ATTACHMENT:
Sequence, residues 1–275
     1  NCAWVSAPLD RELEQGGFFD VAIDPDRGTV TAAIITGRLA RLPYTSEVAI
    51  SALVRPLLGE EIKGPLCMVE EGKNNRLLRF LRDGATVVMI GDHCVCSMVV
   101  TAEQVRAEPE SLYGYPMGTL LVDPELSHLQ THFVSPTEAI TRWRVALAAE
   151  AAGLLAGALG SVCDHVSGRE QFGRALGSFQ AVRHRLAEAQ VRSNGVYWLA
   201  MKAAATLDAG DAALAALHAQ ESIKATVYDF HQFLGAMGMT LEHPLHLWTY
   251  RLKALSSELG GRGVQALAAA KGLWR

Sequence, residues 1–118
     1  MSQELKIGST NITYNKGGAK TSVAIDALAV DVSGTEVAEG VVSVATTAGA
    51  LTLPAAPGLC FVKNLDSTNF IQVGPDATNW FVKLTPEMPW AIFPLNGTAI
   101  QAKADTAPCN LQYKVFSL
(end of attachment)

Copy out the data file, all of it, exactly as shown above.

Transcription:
Sequence, residues 1–275
     1  NCAWVSAPLD RELEQGGFFD VAIDPDRGTV TAAIITGRLA RLPYTSEVAI
    51  SALVRPLLGE EIKGPLCMVE EGKNNRLLRF LRDGATVVMI GDHCVCSMVV
   101  TAEQVRAEPE SLYGYPMGTL LVDPELSHLQ THFVSPTEAI TRWRVALAAE
   151  AAGLLAGALG SVCDHVSGRE QFGRALGSFQ AVRHRLAEAQ VRSNGVYWLA
   201  MKAAATLDAG DAALAALHAQ ESIKATVYDF HQFLGAMGMT LEHPLHLWTY
   251  RLKALSSELG GRGVQALAAA KGLWR

Sequence, residues 1–118
     1  MSQELKIGST NITYNKGGAK TSVAIDALAV DVSGTEVAEG VVSVATTAGA
    51  LTLPAAPGLC FVKNLDSTNF IQVGPDATNW FVKLTPEMPW AIFPLNGTAI
   101  QAKADTAPCN LQYKVFSL